When it comes to IoT projects on the Raspberry Pi, many may think of Raspbian and other Linux-based distros. However, Microsoft has released a simple version of Windows 10, called Windows 10 IoT Core. It contains many .net framework elements that can make creating Windows-based IoT projects a breeze!
Unlike other systems, Windows 10 IoT requires a Windows 10 installation for access, programming, and downloading, so no matter how much you may love your Windows 7 system, you will have to bite the bullet and get Windows 10. Fortunately, Windows 10 can be purchased cheaply from websites like Software Geeks, and it can be installed alongside a previous Windows installation. That means you won’t have to wipe and format your drive!
Microsoft tries to make the installation of Windows 10 IoT simple with the use of the IoT Core Dashboard. This dashboard allows you to create a customized Windows 10 IoT system by targeting specified CPUs, but whether or not this actually makes things simpler depends on the user. We’ll use the Dashboard in this How-To, mainly because the Dashboard can flash a microSD card without the need for ISO to USB packages.
You can download Windows 10 IoT Core here.
You can download the Windows 10 IoT Core Dashboard here.
Insert a microSD card into a card reader and ensure that Windows recognizes the inserted card. Open the Windows 10 IoT dashboard and click the button titled “Set up a new device.” Since the dashboard can target many different systems, make sure that Raspberry 2 & 3 is selected as the device type. In the build version, choose the latest build and choose the microSD card that you inserted as the drive target in the drive selection.
Before you can download the image to the SD card, you will also need to set the admin password. Once all of this is done, accept the software license terms and click “Download and Install.”
As the OS downloads, you will need to get a copy of Visual Studio 2017. This package allows you to create programs in VB.net, C#, and C++ using the .net framework. Make sure to choose the community edition, as the other versions are not free.
You can get Visual Studio 2017 here.
The next step requires us to create a universal application. To do this, After Launching Visual Studio 2017 click File > New Project and then Visual Basic > Windows Universal > Blank App. If this is the first time you have done this, the system may require you to download some new libraries before continuing.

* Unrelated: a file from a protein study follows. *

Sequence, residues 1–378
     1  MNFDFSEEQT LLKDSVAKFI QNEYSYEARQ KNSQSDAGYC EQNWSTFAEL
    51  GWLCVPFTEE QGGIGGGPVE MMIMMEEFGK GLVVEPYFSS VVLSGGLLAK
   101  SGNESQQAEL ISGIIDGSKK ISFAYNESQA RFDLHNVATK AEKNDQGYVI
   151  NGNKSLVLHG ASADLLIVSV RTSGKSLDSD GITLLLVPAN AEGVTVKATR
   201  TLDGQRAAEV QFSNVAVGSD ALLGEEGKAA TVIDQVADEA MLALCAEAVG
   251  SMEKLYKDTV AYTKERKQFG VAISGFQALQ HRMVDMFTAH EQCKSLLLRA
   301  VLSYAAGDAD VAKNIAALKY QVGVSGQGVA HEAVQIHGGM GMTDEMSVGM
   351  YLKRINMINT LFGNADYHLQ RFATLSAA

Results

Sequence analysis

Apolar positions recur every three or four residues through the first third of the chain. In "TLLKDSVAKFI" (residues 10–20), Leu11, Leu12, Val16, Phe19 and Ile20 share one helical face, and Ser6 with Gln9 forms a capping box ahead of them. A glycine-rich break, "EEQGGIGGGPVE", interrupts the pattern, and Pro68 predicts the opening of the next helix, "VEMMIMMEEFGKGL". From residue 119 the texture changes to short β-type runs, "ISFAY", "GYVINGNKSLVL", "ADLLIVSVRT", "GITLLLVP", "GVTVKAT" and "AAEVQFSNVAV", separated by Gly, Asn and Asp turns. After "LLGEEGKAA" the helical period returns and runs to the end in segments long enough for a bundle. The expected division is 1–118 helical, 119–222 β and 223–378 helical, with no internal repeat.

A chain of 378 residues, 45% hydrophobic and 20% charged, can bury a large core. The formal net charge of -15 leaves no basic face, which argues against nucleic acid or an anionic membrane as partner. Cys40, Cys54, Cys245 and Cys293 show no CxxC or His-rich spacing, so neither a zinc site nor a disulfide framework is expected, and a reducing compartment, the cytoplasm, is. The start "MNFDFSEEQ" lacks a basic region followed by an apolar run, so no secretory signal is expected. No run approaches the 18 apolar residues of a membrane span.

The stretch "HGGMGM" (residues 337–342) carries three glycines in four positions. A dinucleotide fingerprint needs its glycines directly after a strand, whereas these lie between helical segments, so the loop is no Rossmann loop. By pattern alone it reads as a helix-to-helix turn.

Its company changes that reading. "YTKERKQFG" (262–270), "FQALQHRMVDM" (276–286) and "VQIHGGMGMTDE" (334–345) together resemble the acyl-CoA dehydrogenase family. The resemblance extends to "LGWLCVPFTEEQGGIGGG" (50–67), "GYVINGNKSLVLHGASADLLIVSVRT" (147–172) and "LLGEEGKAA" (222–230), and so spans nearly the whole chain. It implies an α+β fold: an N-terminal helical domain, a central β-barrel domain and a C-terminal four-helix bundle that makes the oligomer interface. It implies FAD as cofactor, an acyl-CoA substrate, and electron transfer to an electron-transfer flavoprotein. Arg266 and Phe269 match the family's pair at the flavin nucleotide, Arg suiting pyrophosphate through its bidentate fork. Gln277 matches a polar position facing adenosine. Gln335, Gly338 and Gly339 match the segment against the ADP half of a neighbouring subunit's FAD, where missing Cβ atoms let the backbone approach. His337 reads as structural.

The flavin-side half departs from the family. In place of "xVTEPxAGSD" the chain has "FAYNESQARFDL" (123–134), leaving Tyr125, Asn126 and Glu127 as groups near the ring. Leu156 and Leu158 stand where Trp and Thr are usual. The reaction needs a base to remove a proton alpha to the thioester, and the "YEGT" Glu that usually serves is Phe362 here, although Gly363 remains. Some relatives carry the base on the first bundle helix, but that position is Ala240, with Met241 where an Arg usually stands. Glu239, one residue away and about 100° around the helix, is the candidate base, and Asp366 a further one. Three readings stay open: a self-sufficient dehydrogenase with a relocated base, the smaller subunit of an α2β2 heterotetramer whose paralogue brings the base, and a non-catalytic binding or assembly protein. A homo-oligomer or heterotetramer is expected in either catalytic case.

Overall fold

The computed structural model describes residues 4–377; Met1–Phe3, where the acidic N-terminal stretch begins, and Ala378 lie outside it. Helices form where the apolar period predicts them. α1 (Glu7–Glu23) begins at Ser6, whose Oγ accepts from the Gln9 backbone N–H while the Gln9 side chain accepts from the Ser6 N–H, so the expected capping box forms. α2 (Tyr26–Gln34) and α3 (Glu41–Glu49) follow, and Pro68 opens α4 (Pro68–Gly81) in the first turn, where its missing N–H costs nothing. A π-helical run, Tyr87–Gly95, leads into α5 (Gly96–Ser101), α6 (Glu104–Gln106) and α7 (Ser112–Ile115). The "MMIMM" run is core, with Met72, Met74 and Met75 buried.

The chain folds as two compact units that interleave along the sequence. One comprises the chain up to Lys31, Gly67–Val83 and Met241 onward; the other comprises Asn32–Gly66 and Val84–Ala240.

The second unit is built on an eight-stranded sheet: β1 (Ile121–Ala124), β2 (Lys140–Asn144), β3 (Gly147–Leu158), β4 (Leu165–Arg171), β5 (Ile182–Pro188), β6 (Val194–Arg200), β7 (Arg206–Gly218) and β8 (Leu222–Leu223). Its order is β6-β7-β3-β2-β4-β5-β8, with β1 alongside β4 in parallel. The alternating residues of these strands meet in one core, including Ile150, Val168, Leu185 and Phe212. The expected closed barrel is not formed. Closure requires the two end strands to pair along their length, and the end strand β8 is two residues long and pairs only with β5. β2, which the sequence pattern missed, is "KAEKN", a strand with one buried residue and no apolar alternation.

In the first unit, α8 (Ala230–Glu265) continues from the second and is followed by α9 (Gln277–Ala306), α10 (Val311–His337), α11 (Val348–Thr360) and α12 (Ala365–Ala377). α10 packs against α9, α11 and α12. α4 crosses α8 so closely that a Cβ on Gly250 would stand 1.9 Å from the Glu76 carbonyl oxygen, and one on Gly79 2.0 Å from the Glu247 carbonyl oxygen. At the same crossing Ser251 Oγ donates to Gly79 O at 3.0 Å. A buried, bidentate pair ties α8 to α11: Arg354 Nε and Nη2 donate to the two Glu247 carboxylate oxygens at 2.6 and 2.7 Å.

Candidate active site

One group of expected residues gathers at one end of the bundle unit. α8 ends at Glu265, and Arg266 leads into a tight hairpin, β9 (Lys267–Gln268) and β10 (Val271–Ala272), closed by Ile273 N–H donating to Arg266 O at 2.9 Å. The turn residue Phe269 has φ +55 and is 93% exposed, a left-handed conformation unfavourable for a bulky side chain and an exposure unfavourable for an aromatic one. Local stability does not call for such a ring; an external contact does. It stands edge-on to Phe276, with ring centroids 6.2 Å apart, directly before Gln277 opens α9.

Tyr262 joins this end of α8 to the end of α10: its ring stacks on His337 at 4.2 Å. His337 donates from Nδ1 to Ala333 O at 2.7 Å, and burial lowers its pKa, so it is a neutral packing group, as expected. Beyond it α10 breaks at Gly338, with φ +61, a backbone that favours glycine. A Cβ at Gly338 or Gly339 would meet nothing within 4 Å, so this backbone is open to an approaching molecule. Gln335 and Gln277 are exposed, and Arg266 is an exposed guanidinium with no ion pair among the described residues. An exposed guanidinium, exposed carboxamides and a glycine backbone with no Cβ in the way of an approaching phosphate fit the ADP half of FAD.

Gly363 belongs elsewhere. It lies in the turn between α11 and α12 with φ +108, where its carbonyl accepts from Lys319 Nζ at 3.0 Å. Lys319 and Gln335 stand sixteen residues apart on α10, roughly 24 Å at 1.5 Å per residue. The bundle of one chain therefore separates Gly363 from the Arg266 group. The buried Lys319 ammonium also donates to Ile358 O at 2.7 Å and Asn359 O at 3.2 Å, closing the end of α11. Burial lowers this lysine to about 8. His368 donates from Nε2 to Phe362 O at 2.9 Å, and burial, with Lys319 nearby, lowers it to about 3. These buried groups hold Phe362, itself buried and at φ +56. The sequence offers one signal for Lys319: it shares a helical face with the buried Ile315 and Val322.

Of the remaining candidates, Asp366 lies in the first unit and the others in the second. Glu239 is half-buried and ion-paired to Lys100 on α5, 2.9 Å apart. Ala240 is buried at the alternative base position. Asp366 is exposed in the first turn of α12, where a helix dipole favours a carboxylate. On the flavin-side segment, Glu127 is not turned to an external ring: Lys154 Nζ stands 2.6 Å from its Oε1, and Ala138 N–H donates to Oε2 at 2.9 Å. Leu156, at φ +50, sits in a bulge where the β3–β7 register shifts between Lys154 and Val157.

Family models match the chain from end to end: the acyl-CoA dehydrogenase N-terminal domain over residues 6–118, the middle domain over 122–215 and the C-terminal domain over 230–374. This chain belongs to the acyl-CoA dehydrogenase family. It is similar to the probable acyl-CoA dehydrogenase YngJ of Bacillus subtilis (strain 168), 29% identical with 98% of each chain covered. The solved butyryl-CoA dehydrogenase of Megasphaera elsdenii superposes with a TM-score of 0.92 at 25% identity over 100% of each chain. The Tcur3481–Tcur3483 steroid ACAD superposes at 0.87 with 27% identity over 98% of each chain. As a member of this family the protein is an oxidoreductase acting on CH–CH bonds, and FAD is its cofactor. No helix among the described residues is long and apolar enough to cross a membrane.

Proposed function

Before any IoT programs can be written, we need the Windows 10 IoT template, which can be downloaded here.
When the template has been downloaded, install it by running the downloaded file. Once installed, check in Visual Studio 2017 for the Window IoT Core option under new projects.
After the SD card has the Windows 10 IoT Core Image downloaded onto it, eject it from the Windows 10 computer and Insert the SD card into the Pi, connect the needed peripherals (monitor, mouse, keyboard, etc.) and then turn on the Pi. Windows IoT takes a while to boot up on its first boot, so be patient. The system will ask you questions about privacy and other settings; fill these in with the answers in whatever way makes the most sense to you.
During the setup, it will also ask you to connect to a network; make sure your network configuration is correct! Once booted, and your Pi is connected to your local network (i.e., the same network that your PC is connected to), go to the dashboard to see if you can see your Pi on the network.
Make a new Windows IoT Core background application by navigating to File > New Project. Under Windows IoT Core, select Background Application.
Replace the code in startuptask.vb with the test code below.
Imports Windows.ApplicationModel.Background Imports Windows.Devices.Gpio Imports Windows.System.Threading Public NotInheritable Class StartupTask Implements IBackgroundTask Const LED_PIN As Short = 26 Const INTERVAL As Short = 1 'Interval in seconds Private gpio Private pin As GpioPin Private pinValue As GpioPinValue Private blinktimer As ThreadPoolTimer Private cancelled As Boolean = False Private deferral As BackgroundTaskDeferral = Nothing Public Sub Run(taskInstance As IBackgroundTaskInstance) Implements IBackgroundTask.Run 'Handler for cancelled background task AddHandler taskInstance.Canceled, New BackgroundTaskCanceledEventHandler(AddressOf onCanceled) 'Background task continues to run even after IBackgroundTask.Run returns deferral = taskInstance.GetDeferral() 'Initialize GPIO initGPIO() 'Create a periodic timer blinktimer = ThreadPoolTimer.CreatePeriodicTimer(New TimerElapsedHandler(AddressOf blinktimer_tick), TimeSpan.FromMilliseconds(1)) End Sub Private Sub onCanceled(sender As IBackgroundTaskInstance, reason As BackgroundTaskCancellationReason) cancelled = True End Sub Sub blinktimer_tick(state As Object) If Not canceled Then 'Toggele Pin Value If (pinValue = GpioPinValue.High) Then pinValue = GpioPinValue.Low Else pinValue = GpioPinValue.High End If pin.Write(pinValue) Else 'if the task is cancelled 'Stop the timer And finish execution blinktimer.Cancel() deferral.Complete() End If End Sub Private Sub initGPIO() 'Get the default GPIO controller for the system gpio = GpioController.GetDefault() If Not gpio Is Nothing Then 'Open a connection to the GPIO Pin pin = gpio.openpin(LED_PIN) pinValue = GpioPinValue.Low 'Write Pin value low to turn on LED pin.Write(pinValue) 'Set the pin for output pin.SetDriveMode(GpioPinDriveMode.Output) End If End Sub End Class
Navigate to Project > Properties, and in Debug, select Find next to “Remote machine.” Your machine should appear under Auto Detected.
To confirm that everything has worked, click the green arrow.
If no error messages show up, you are ready to make .net apps on Windows IoT Core!